updated 12/8/2008 11:58:38 AM ET 2008-12-08T16:58:38

U.S. charitable foundations gave money to international causes at record levels in 2007 and their contributions are likely to increase again this year, says a report by an organization that monitors philanthropy.

International giving by U.S. foundations totaled about $5.4 billion last year, according to the report released Thursday by the New York-based Foundation Center.

The Bill & Melinda Gates Foundation accounted for more than half the increase in foundation giving to international causes between 2002 and 2006, said the report, which documents trends in giving based on grants awarded by more than 1,000 of the largest U.S. foundations.

International giving by all foundations rose by more than 50 percent during that time. The Gates Foundation, the nation's largest, contributed $2 billion internationally in 2006, nearly four times the amount it gave in 2002.

Apart from the Gates contributions, international charity still grew faster than all foundation giving during the period of the study.

"The continued growth of international grant making by U.S. foundations is not just a product of the Gates Foundation," Foundation Center President Brad Smith said.

International causes benefited from increased funding by new foundations, more international giving by foundations with growing endowments and foundation response to natural and humanitarian disasters around the world.

The biggest concentration of international giving by U.S. foundations went to health-related causes — the Gates Foundation's top grantmaking priority. If Gates is pulled out of the equation, the top international priority of all other U.S. foundations is global development, followed by the environment.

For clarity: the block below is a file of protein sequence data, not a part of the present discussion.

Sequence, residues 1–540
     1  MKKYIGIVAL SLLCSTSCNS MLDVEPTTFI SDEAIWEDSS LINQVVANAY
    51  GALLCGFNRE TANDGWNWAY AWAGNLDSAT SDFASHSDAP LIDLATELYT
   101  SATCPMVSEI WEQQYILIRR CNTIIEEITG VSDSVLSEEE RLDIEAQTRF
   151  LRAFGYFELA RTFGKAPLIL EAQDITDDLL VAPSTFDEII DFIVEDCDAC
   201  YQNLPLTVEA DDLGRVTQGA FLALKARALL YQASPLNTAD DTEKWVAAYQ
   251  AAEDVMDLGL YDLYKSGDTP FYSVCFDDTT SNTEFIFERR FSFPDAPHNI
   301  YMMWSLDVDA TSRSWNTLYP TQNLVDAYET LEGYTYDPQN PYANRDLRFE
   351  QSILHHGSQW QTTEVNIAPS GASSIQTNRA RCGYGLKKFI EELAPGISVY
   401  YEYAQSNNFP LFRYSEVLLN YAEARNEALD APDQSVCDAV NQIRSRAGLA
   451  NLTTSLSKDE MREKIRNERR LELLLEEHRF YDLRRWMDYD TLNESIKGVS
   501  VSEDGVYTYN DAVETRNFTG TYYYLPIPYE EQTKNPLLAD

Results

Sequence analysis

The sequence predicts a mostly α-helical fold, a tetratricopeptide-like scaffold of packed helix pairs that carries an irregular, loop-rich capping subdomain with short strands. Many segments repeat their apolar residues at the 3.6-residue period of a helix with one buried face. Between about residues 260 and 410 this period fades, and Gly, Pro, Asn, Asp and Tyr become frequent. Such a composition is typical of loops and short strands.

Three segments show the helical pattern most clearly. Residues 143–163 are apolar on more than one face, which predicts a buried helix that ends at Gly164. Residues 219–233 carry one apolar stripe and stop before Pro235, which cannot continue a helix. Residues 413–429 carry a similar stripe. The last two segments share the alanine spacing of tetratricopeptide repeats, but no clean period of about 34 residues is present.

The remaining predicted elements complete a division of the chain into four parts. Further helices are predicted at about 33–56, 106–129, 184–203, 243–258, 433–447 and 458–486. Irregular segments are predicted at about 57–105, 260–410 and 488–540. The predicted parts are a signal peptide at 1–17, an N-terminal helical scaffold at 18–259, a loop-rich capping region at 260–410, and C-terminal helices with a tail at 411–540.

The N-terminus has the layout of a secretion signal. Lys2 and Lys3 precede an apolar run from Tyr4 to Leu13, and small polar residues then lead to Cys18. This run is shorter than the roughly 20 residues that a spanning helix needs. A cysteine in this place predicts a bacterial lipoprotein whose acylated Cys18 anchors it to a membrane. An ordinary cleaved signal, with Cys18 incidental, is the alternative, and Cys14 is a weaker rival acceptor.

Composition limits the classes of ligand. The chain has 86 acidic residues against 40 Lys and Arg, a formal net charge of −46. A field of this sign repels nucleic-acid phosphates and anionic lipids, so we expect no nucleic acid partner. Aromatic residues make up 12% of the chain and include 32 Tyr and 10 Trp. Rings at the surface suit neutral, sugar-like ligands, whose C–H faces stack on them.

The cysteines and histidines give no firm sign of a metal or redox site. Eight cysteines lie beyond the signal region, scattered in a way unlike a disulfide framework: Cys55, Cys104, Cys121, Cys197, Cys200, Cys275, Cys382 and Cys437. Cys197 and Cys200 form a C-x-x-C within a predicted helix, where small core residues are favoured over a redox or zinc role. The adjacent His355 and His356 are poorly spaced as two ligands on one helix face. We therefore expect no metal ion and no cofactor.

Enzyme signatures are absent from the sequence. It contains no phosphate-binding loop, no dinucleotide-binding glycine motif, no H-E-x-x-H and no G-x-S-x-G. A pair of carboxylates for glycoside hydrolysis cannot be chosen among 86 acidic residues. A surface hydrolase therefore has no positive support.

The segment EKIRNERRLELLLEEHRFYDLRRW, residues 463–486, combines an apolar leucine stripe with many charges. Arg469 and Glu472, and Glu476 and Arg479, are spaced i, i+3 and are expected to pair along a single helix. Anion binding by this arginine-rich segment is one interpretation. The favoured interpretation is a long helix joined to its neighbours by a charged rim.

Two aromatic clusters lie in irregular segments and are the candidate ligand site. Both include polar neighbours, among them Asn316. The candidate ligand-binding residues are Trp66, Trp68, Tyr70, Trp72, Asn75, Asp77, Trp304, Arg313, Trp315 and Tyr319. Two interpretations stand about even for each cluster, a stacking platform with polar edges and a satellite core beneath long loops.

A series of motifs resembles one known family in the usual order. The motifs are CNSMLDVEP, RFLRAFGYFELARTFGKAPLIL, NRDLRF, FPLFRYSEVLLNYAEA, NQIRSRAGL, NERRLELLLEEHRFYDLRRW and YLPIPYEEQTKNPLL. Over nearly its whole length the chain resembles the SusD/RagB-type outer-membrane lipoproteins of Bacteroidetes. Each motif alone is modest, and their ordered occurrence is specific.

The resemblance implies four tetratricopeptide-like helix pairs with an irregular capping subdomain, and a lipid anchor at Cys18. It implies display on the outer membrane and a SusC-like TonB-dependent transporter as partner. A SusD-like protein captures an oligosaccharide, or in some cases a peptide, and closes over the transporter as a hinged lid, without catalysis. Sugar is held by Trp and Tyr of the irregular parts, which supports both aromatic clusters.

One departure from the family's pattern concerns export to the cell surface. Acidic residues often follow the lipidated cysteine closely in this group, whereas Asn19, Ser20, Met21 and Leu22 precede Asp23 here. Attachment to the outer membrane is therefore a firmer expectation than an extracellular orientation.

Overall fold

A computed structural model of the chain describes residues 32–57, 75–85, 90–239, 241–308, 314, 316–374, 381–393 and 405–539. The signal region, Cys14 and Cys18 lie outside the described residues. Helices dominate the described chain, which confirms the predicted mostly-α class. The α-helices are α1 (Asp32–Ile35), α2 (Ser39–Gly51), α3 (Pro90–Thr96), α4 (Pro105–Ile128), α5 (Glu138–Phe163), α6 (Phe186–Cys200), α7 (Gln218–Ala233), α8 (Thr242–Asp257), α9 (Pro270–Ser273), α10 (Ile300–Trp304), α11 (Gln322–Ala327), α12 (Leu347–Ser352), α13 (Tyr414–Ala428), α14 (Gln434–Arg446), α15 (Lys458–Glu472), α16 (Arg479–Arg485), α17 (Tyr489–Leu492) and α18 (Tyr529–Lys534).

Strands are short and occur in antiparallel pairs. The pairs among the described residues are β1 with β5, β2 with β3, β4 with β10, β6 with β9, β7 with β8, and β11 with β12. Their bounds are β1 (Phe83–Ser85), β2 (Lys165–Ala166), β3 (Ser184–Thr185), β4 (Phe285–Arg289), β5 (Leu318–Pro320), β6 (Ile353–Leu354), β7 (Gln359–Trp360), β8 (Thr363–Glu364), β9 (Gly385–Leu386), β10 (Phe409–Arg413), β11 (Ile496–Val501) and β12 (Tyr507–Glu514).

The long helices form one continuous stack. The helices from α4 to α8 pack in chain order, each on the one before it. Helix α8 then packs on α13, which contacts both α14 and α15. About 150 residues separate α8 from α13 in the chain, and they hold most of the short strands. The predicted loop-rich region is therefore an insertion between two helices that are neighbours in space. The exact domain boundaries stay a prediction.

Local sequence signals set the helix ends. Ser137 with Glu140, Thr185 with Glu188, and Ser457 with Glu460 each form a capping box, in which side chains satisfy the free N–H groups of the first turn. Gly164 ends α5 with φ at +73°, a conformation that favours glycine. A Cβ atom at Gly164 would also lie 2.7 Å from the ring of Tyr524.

'Making decisions with their hearts'
International development — focusing on such needs as agriculture and community building — is a major new grant area for the Gates Foundation. Foundation officials say their giving in this area will continue to grow.

Foundation support for U.S.-based international programs targeted sub-Saharan Africa, growing from $94.8 million in 2002 to $518.7 million in 2006, mostly because of large health initiatives of the Gates Foundation.

Asked about the economic downturn, only 7 percent of the charitable foundations that responded said they expected to reduce their international support in 2008, while close to half said they expected to increase giving.

"A lot of people are making decisions with their hearts rather than their wallets, and this isn't a time to cut back on giving," Smith said.

The Foundation Center and its study partner, the Washington, D.C.-based Council on Foundations, noted that the growth of international giving by U.S. foundations reflects the changing world and the newer generation of givers, many of whom made their money at international corporations.

"It's becoming increasingly difficult to draw borders around problems," Smith said.

Copyright 2008 The Associated Press. All rights reserved. This material may not be published, broadcast, rewritten or redistributed.

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